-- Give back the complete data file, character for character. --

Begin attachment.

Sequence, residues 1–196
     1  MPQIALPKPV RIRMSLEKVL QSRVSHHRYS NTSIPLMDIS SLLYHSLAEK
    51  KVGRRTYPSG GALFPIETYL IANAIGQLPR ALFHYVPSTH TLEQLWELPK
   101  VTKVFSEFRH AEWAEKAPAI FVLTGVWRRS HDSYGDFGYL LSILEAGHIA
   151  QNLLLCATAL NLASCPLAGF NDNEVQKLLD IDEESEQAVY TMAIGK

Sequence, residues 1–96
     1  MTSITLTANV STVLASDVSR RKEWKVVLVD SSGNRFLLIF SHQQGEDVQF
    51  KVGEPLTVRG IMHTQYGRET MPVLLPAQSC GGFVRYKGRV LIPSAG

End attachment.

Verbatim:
Sequence, residues 1–196
     1  MPQIALPKPV RIRMSLEKVL QSRVSHHRYS NTSIPLMDIS SLLYHSLAEK
    51  KVGRRTYPSG GALFPIETYL IANAIGQLPR ALFHYVPSTH TLEQLWELPK
   101  VTKVFSEFRH AEWAEKAPAI FVLTGVWRRS HDSYGDFGYL LSILEAGHIA
   151  QNLLLCATAL NLASCPLAGF NDNEVQKLLD IDEESEQAVY TMAIGK

Sequence, residues 1–96
     1  MTSITLTANV STVLASDVSR RKEWKVVLVD SSGNRFLLIF SHQQGEDVQF
    51  KVGEPLTVRG IMHTQYGRET MPVLLPAQSC GGFVRYKGRV LIPSAG